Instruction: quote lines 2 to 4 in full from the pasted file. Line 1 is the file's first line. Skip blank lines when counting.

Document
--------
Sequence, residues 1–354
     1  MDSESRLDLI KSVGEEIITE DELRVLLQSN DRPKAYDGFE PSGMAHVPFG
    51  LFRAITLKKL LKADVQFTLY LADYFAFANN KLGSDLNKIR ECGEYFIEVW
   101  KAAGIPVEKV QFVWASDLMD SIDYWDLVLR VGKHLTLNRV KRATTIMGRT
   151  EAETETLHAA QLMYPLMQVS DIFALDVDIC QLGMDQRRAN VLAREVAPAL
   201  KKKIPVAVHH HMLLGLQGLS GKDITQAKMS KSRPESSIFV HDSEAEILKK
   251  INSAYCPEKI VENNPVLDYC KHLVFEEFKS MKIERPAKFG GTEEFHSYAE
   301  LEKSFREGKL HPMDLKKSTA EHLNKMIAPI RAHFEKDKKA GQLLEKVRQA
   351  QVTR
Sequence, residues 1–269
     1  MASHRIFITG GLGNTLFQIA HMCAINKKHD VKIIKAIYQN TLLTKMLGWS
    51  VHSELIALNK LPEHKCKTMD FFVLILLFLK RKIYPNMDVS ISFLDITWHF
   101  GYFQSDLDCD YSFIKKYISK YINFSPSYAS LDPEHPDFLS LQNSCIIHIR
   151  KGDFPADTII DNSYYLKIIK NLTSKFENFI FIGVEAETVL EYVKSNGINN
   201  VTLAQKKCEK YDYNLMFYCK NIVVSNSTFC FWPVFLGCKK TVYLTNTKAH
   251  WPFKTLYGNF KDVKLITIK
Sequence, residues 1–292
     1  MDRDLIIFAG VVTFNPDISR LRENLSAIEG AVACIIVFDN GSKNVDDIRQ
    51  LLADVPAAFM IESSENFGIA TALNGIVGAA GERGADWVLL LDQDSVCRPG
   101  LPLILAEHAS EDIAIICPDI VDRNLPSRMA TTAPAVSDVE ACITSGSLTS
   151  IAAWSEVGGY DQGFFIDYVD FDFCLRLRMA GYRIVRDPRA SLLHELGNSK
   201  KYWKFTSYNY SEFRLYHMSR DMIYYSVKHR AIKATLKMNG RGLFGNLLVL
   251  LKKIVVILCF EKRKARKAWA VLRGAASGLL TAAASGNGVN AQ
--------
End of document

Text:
     1  MDSESRLDLI KSVGEEIITE DELRVLLQSN DRPKAYDGFE PSGMAHVPFG
    51  LFRAITLKKL LKADVQFTLY LADYFAFANN KLGSDLNKIR ECGEYFIEVW
   101  KAAGIPVEKV QFVWASDLMD SIDYWDLVLR VGKHLTLNRV KRATTIMGRT